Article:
|Type||SOHC four-stroke, glowplug ignition||Capacity||14.7cc|
|Production run||Home Construction||Country of Origin||UK|
|Photo by||Nemett||Year of publication||2006|
As most readers should know, the venerable English magazine, [the] Model Engineer, has been in continuous publication since January, 1898. Over that period, the subject of internal combustion has made sporadic appearance, reflecting the interest of the readership, and the availability of contributors. However, when IC subjects have appeared, they have mostly been quite notable: the many designs and wisdom of ET Westbury, Lew Blackmore's brilliant BR2 Rotary, Eric Whittle's Aero V8, etc, etc. Recently, a new name has appeared in the pages of the ME to address the growing interest in IC projects (see Model Engine News for September, 2005). Following the fine ME tradition, the latest IC proponent writes under the nom de plume "Nemett".
Could be a coincidence.
The first construction series designed by Nemett commenced in issue 4273. As the ME publishes fortnightly, their common practice is to serialize over alternate issues, so the NE15S appears in odd numbered issues.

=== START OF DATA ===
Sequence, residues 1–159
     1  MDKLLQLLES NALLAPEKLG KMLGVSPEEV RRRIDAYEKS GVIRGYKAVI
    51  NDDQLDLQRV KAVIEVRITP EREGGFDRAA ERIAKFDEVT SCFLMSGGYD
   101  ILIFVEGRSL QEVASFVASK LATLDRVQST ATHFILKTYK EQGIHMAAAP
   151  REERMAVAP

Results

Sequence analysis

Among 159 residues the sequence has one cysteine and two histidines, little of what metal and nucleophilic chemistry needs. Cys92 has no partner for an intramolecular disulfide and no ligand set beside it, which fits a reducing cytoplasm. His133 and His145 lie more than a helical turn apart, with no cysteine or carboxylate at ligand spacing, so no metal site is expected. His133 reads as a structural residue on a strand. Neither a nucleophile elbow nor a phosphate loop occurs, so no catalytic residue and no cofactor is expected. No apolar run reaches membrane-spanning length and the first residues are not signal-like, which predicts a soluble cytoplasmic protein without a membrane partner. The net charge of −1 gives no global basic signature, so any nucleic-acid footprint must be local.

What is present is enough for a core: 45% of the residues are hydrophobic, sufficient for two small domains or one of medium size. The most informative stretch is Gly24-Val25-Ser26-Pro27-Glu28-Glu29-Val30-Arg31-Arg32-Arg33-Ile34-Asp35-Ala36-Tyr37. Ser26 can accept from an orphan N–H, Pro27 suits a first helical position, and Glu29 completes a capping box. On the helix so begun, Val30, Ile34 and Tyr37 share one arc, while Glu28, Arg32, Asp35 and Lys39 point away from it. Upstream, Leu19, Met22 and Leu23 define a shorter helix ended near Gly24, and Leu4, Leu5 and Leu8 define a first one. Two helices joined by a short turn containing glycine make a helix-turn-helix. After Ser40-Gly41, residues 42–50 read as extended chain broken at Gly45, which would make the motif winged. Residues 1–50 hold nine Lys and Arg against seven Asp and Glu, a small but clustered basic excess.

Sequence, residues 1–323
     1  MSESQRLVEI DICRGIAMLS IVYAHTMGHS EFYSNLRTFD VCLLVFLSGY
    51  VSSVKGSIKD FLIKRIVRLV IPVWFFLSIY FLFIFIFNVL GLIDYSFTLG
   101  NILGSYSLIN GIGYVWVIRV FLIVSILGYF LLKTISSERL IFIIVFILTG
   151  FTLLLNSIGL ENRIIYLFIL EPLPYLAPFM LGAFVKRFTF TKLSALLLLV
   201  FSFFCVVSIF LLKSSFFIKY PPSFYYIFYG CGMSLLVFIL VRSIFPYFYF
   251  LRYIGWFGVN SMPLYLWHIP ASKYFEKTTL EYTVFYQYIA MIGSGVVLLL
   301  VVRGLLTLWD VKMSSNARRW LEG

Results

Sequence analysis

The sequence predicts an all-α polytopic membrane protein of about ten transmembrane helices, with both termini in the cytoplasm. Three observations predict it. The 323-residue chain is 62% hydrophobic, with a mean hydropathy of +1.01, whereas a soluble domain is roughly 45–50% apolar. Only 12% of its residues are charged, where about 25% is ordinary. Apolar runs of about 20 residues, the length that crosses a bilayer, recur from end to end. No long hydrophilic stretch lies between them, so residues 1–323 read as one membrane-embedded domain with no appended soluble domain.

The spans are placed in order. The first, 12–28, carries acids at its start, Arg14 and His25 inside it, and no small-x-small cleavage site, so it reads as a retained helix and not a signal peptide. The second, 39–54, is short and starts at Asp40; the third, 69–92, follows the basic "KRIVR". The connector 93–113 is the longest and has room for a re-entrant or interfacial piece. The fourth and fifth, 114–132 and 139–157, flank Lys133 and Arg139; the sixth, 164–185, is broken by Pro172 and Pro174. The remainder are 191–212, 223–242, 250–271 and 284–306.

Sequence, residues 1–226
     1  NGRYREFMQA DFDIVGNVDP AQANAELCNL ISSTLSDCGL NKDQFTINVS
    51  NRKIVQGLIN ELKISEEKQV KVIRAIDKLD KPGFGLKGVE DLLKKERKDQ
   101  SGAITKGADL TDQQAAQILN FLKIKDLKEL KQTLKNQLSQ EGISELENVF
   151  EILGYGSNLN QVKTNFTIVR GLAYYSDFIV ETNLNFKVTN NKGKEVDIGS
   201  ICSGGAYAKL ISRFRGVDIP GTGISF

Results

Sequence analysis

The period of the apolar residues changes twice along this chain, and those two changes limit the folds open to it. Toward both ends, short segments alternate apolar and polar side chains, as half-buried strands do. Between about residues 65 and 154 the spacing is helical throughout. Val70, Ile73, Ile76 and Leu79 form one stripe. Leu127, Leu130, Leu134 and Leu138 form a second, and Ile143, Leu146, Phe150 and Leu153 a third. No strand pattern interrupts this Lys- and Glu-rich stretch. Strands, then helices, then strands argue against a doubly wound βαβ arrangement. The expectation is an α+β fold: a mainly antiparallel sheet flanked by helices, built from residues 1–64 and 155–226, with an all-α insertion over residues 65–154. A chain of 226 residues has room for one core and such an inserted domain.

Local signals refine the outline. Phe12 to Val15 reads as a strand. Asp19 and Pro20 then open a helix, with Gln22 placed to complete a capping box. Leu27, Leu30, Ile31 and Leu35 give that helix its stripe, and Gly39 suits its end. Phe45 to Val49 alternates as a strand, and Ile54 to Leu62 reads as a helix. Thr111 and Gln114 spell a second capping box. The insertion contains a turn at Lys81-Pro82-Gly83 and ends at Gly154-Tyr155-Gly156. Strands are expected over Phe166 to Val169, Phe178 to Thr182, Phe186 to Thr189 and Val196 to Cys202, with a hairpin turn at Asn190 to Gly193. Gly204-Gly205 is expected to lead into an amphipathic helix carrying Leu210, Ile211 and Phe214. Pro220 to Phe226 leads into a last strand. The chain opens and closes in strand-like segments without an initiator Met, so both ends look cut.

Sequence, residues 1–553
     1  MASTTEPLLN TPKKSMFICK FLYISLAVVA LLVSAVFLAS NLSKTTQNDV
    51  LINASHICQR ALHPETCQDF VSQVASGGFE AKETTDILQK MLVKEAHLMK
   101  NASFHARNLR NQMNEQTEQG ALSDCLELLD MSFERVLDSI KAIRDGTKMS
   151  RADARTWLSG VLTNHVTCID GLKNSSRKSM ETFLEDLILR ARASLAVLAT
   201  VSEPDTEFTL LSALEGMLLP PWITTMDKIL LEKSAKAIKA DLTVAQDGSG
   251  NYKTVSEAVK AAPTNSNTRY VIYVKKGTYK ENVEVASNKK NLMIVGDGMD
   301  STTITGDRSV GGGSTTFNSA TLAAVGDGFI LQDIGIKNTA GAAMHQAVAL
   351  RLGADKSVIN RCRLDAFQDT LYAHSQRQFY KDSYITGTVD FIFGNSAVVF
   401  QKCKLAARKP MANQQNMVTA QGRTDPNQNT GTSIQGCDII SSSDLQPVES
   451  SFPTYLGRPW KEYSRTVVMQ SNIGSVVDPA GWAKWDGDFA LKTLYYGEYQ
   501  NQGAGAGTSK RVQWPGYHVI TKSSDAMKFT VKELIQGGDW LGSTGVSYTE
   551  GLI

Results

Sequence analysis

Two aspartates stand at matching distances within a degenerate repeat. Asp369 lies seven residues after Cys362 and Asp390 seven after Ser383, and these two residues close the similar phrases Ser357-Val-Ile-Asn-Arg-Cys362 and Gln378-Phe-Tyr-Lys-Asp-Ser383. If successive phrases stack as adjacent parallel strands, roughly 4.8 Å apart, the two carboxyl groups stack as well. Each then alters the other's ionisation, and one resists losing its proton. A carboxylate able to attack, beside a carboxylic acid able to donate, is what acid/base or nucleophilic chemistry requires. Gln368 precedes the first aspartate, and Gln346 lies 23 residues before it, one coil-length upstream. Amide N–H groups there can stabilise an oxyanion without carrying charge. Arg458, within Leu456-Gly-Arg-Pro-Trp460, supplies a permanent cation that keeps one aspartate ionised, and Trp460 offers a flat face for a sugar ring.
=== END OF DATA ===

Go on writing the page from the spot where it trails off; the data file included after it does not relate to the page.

DescriptionThe photos and description that follows were provided by Nemett himself:
The NE15S is a single cylinder, single overhead cam shaft four stroke with air or water cooling options. The main parameters of the engine are:
|Length (including carb)||200mm|
|Height to top of cam box||165mm|
|Width (crank case)||63mm|
|Width across bearers||88mm|
|Cam shaft drive||Single 2.5mm pitch 6mm wide toothed belt.|
|Carburettor||Barrel type with adjustable fuel needle and slow running air bleed. Choke diameter 7mm.|
- 5,750 rpm on glow fuel
- 7,400 rpm on spark.
The 'exploded' view shows a few more features not mentioned in Nemett's brief overview. No castings are required; the engine is machined from bar-stock. There are no rocker arms; the cams act directly on hollow, cylindrical tappets that sit on top of the valve stems and provide tangetial contact with the cams. The crankcase vent appears to be connected to the OHV cavity by a small bore copper pipe. Drain plugs are fitted to the backplate and OHV cover suggesting this is a form of lubrication. I thought cases were vented to get rid of corrosive nitros oxide gas produced by blow-bye, but I'm sure our designer has a theory and an answer.
ConclusionThe large size of the engine and simple, straight forward construction will be appreciated by model engineers trying IC as a diversion from the usual ME fare of live steam. The NE15S would be a bit on the large size to screw into the nose of a flying model, but I've little doubt someone will do just that. Hopefully the experience of building and running the engine will decide many to follow up with other types, or even to produce designs of their own. Nemett and the Model Engineer are to be commended for this effort.